A bitcoin-related company that allegedly engaged in deceptive marketing of specialized computers designed to produce the cryptocurrency has been shut down at the request of the US Federal Trade Commission.
In a complaint filed earlier this month against Butterfly Labs, the FTC alleged that the Missouri-based company charged consumers thousands of dollars for computers that mine Bitcoins but then failed to deliver the machines "until they were practically useless, or in many cases, did not provide the computers at all," the agency said in a statement Tuesday.
Someone has taken over the email account belonging to Bitcoin’s secretive creator, Satoshi Nakamoto, and says he will sell his secrets for money.
A security expert claims the FBI is lying about how it located the Icelandic server hosting the Silk Road underground drugs bazaar.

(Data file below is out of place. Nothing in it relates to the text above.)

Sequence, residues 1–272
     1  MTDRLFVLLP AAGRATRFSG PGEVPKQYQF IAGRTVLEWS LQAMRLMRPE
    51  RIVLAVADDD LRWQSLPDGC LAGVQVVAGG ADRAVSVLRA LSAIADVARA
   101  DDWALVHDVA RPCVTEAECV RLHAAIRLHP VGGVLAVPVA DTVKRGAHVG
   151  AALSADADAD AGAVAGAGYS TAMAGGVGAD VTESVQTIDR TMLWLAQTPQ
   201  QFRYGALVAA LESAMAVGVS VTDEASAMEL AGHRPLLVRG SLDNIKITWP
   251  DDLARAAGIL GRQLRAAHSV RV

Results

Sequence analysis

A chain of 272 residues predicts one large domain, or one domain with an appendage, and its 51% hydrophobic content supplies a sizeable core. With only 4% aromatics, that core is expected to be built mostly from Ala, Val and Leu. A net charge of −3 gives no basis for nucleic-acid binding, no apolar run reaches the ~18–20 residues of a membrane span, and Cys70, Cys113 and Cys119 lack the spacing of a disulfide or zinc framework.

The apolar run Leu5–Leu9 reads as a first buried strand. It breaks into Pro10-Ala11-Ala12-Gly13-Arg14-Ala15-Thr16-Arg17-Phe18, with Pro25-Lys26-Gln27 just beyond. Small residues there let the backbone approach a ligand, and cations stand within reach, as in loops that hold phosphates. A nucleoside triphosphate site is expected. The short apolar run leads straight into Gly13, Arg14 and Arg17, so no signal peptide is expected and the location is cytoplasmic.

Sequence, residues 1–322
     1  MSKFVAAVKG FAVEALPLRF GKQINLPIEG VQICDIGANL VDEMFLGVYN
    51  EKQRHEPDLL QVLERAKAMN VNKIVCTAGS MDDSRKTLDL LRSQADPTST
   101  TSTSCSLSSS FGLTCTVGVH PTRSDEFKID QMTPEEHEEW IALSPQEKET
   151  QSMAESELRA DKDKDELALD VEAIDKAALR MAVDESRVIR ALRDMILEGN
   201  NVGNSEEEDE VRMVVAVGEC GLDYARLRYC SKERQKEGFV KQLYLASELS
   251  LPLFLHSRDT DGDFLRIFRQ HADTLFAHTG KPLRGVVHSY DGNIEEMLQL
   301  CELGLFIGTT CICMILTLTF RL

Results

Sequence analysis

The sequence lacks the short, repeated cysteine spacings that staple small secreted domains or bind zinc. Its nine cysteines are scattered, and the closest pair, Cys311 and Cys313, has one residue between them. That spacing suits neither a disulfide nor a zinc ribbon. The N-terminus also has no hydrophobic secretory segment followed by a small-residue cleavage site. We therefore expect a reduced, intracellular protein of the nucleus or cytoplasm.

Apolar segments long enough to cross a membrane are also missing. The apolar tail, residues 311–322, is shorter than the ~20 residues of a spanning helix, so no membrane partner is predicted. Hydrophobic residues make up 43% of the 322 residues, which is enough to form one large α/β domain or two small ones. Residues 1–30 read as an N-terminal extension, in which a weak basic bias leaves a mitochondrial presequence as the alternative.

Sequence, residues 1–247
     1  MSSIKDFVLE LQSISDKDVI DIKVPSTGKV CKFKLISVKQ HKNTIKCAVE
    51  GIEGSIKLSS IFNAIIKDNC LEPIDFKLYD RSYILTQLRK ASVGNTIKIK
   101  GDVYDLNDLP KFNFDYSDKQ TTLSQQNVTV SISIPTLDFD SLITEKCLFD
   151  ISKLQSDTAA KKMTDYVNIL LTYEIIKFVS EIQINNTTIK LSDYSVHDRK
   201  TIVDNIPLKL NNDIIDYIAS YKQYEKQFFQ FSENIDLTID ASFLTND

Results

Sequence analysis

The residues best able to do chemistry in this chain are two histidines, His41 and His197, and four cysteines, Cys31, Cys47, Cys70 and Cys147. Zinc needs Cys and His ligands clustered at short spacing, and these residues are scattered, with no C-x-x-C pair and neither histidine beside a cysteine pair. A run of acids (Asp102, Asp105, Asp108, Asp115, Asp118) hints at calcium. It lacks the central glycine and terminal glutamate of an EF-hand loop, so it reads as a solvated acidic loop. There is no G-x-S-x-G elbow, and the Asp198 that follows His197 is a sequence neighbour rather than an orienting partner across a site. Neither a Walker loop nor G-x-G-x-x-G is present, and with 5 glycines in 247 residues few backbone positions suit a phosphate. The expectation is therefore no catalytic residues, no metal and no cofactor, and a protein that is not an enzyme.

When Ross Ulbricht was arrested by the FBI and charged with being the operator of the billion dollar drugs empire known as Silk Road, one of the most intriguing questions for many was just how the law enforcement agency was able to locate the server hosting the website considering it was running on the anonymous Tor network.
Some bitcoin enthusiasts have used their cryptocurrency to travel around the world. Others have spent it on a trip to space. But the very earliest user of bitcoin (after its inventor Satoshi Nakamoto himself) has now spent his crypto coins on the most ambitious mission yet: to visit the future.
Michael Dell announced on Twitter in July that his namesake company would let customers buy Dell products using Bitcoins, making the tech vendor one of the largest businesses to accept the digital currency.
A month later, the Dell CEO said on Twitter that the company had received an order for PowerEdge servers worth more than 85 Bitcoins, or about $50,000. There were no details about the customer that bought the systems, but it's likely among the largest Dell has received since accepting Bitcoins as payment.